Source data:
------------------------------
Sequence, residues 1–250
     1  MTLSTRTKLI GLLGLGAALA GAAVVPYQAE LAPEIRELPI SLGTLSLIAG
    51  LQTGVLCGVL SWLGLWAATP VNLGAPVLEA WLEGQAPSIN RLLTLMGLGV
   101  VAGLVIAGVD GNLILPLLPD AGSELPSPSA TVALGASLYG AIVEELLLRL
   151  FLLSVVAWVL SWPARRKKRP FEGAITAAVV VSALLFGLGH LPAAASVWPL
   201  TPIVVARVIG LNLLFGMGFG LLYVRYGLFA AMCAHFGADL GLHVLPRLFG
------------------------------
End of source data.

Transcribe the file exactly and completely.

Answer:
Sequence, residues 1–250
     1  MTLSTRTKLI GLLGLGAALA GAAVVPYQAE LAPEIRELPI SLGTLSLIAG
    51  LQTGVLCGVL SWLGLWAATP VNLGAPVLEA WLEGQAPSIN RLLTLMGLGV
   101  VAGLVIAGVD GNLILPLLPD AGSELPSPSA TVALGASLYG AIVEELLLRL
   151  FLLSVVAWVL SWPARRKKRP FEGAITAAVV VSALLFGLGH LPAAASVWPL
   201  TPIVVARVIG LNLLFGMGFG LLYVRYGLFA AMCAHFGADL GLHVLPRLFG